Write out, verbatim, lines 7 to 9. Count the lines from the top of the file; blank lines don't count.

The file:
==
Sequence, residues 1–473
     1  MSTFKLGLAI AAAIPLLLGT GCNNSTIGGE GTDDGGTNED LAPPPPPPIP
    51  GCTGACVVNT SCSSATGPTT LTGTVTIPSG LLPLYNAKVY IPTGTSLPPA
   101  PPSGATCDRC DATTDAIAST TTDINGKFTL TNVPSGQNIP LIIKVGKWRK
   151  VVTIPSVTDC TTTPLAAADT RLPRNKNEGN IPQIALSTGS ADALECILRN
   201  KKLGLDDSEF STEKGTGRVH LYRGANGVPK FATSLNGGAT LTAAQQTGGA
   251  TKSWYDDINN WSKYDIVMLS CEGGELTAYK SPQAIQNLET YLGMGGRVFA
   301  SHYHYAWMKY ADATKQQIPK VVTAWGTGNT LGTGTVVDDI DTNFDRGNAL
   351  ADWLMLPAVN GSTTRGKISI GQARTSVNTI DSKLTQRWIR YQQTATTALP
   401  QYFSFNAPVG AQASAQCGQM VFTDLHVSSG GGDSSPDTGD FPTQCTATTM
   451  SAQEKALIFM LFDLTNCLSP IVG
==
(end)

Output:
   251  TKSWYDDINN WSKYDIVMLS CEGGELTAYK SPQAIQNLET YLGMGGRVFA
   301  SHYHYAWMKY ADATKQQIPK VVTAWGTGNT LGTGTVVDDI DTNFDRGNAL
   351  ADWLMLPAVN GSTTRGKISI GQARTSVNTI DSKLTQRWIR YQQTATTALP